COURTESY PHOTOThe favorite: With nominations in major categories

COURTESY PHOTOThe favorite: With nominations in major categories

'The Artist' looks to score on Oscar night

It's Oscar time, time to reward the most celebrated, if not the best, movies of 2011, a year yielding little agreement among critics and no clear masterpieces. “The Help” was too lowbrow, “The Tree of Life” too highbrow, “Moneyball” too fictional, “Tinker Tailor Soldier Spy” too confusing and “The Artist” too … quiet. Here are our predictions and preferences in the major categories.

Best Picture
Will win: “The Artist”
Should win: “The Tree of Life”
Write-in: “Drive”
“The Artist” isn't bad. Yet the enjoyable trifle is a distraction that doesn't deserve consideration among the year's best and is riding on a juggernaut of hype that cannot be stopped. The Weinstein Company drove similar trifles “Shakespeare in Love,” “Chicago” and “The King's Speech” to Best Picture wins in similar circumstances, and the studio will do it again this year. Meanwhile, “The Tree of Life” will live on, and continue to haunt – and divide – moviegoers for decades.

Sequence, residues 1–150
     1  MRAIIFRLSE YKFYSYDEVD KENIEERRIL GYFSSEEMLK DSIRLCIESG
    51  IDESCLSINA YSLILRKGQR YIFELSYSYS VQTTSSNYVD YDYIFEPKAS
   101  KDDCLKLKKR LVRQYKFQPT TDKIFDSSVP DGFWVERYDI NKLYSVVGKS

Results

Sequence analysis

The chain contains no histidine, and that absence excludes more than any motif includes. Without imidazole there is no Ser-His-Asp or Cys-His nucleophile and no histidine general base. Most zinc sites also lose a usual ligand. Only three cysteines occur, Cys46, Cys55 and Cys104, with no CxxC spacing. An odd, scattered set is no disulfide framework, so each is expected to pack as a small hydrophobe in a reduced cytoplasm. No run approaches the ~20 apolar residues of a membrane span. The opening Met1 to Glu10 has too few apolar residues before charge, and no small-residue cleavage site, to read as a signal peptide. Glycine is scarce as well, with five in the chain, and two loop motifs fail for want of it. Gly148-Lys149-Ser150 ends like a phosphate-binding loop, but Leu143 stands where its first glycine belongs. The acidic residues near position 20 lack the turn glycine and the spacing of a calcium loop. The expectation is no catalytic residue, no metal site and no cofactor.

Will win: Jean Dujardin
Should win: Brad Pitt or Gary Oldman
Write-in: Brendan Gleeson, “The Guard”
French-speaking Dujardin is a shoo-in, although “The Artist” looks to be the peak of his career; he'll probably never be seen in the U.S. again. Evoking the likes of Douglas Fairbanks and Gene Kelly, he gets by. But  Pitt is a real movie star, who in “Moneyball” conveys the sheer joy of acting and being the center of attention. He manipulates his aura to amazing and unpredictable effect. But in terms of sheer acting, Oldman is one of the best, and “Tinker Tailor Soldier Spy” is one of his very best performances.

Will win: Viola Davis
Should win: Michelle Williams
Write-in: Kirsten Dunst, “Melancholia”
At first, it seemed like Glenn Close had the best angle: With five prior nominations and no win, in “Albert Nobbs” she plays a woman in drag, with a tricky Irish accent besides – a combination that’s like candy to Oscar voters. But Davis – previously nominated for a great  performance in “Doubt” – has become the front-runner for her work in “The Help.” Meanwhile, Williams’ expert performance cannily combined her own strengths and personality with those of Marilyn Monroe.


Will win: Michel Hazanavicius
Should win: Terrence Malick
Write-in: Nicholas Winding Refn, “Drive”